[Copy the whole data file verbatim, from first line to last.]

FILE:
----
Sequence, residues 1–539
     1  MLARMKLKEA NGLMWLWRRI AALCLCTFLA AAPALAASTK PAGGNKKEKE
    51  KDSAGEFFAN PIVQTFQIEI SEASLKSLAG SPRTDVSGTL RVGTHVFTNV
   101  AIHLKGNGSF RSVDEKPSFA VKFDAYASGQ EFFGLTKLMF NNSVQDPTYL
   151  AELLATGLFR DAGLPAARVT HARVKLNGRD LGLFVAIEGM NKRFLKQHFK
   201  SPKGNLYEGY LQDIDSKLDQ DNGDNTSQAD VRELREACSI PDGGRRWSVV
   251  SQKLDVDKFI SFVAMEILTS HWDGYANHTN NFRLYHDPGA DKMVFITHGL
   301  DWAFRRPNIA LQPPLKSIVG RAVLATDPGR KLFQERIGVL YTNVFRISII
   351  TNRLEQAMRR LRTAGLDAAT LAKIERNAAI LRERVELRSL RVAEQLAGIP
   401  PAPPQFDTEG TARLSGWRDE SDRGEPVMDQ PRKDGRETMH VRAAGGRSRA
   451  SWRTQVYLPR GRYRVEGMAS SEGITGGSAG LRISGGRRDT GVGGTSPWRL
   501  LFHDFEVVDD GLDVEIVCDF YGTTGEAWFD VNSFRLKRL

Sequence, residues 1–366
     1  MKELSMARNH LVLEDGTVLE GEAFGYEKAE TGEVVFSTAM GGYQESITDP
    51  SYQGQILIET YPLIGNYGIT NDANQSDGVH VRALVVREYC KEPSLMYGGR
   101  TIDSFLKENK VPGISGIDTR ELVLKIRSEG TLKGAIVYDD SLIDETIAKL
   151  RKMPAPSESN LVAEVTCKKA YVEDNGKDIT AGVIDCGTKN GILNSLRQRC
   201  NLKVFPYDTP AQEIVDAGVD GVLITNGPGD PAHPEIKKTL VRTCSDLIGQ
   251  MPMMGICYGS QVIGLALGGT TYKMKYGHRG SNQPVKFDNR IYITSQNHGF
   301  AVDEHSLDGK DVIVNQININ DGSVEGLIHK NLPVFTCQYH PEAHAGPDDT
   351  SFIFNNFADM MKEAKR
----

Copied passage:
Sequence, residues 1–539
     1  MLARMKLKEA NGLMWLWRRI AALCLCTFLA AAPALAASTK PAGGNKKEKE
    51  KDSAGEFFAN PIVQTFQIEI SEASLKSLAG SPRTDVSGTL RVGTHVFTNV
   101  AIHLKGNGSF RSVDEKPSFA VKFDAYASGQ EFFGLTKLMF NNSVQDPTYL
   151  AELLATGLFR DAGLPAARVT HARVKLNGRD LGLFVAIEGM NKRFLKQHFK
   201  SPKGNLYEGY LQDIDSKLDQ DNGDNTSQAD VRELREACSI PDGGRRWSVV
   251  SQKLDVDKFI SFVAMEILTS HWDGYANHTN NFRLYHDPGA DKMVFITHGL
   301  DWAFRRPNIA LQPPLKSIVG RAVLATDPGR KLFQERIGVL YTNVFRISII
   351  TNRLEQAMRR LRTAGLDAAT LAKIERNAAI LRERVELRSL RVAEQLAGIP
   401  PAPPQFDTEG TARLSGWRDE SDRGEPVMDQ PRKDGRETMH VRAAGGRSRA
   451  SWRTQVYLPR GRYRVEGMAS SEGITGGSAG LRISGGRRDT GVGGTSPWRL
   501  LFHDFEVVDD GLDVEIVCDF YGTTGEAWFD VNSFRLKRL

Sequence, residues 1–366
     1  MKELSMARNH LVLEDGTVLE GEAFGYEKAE TGEVVFSTAM GGYQESITDP
    51  SYQGQILIET YPLIGNYGIT NDANQSDGVH VRALVVREYC KEPSLMYGGR
   101  TIDSFLKENK VPGISGIDTR ELVLKIRSEG TLKGAIVYDD SLIDETIAKL
   151  RKMPAPSESN LVAEVTCKKA YVEDNGKDIT AGVIDCGTKN GILNSLRQRC
   201  NLKVFPYDTP AQEIVDAGVD GVLITNGPGD PAHPEIKKTL VRTCSDLIGQ
   251  MPMMGICYGS QVIGLALGGT TYKMKYGHRG SNQPVKFDNR IYITSQNHGF
   301  AVDEHSLDGK DVIVNQININ DGSVEGLIHK NLPVFTCQYH PEAHAGPDDT
   351  SFIFNNFADM MKEAKR